a ilittle wooden church, here and ex-
horted' and comforted her fellow sufferers-and
friends in this way. '
It. was at the conclusion of one of
the funeral services a service over
a dozen or more victims of the.terri-'
ble" panic of Christmas eve. She was
mourner, for her little, son, Uno", who
fas suffocated near the foot of the
stairway of Italian hall at the strik
ers' Christmas celebration.
I was a mourner, too.
Because" the tears had come un
bidden to . my eyes when.I looked into
her. suffering face, Mrs. Jokipii had
bidden me follow the dead to its last
resting, place withher and her fam
ily. 'I went to her home early, for- the
funeral bells were to toll in every
church of many denominations
I throughout the city" at noon. Fathers
bringing their dead children to one br
other of the city's churches passed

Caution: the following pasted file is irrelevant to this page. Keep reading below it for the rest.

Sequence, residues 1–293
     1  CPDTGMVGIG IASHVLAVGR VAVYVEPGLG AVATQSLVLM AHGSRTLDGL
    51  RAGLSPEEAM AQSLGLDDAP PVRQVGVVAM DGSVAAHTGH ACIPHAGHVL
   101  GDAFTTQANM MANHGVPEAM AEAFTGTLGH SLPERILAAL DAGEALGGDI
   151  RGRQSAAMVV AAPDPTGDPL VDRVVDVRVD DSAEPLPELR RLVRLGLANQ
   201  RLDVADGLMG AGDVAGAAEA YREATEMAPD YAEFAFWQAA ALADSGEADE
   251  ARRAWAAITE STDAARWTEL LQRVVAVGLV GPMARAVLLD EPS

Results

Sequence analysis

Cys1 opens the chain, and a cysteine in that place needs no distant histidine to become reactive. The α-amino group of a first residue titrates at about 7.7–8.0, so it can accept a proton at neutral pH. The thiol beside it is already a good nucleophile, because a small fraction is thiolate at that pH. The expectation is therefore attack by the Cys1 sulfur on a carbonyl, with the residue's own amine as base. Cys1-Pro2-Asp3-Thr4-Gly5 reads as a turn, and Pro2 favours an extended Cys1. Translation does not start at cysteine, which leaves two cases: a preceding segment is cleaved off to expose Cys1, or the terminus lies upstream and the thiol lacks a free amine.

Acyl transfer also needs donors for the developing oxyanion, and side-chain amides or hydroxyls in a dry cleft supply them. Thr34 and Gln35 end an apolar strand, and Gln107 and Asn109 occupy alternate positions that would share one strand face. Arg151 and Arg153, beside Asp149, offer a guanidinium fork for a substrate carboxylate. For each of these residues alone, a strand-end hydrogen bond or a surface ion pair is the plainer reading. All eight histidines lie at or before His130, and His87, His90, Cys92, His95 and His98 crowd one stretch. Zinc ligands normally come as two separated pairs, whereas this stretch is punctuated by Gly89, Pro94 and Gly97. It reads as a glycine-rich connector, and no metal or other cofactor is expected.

me' in sleighs. Ambulances hurried
by me carrying corpses to other ap
pointed places. And .the streets were
filled with white hearses, most of
them on runners, for the whole- city
is enveloped now in a coat of quiet
Mrs. Jokipii met me at the door.
She was 'suffering intensely, I could
see by her drawn face, but she would
not let the world think her heart tbo
heavy for the- duty of the day. Fin
nish friends came to the front door,
the side door and the back, door, by
twos and threes and dozens. The be-r
BURYING BABY-VICTIMS CHRISTMAS TRAGEDY
1 ; r-- :
A FuneraL Profcesstn in Calumet. This One, of Sunday, Was Two IVhiu3
. Long and Thousands Lined Its Way to the Cemetery.
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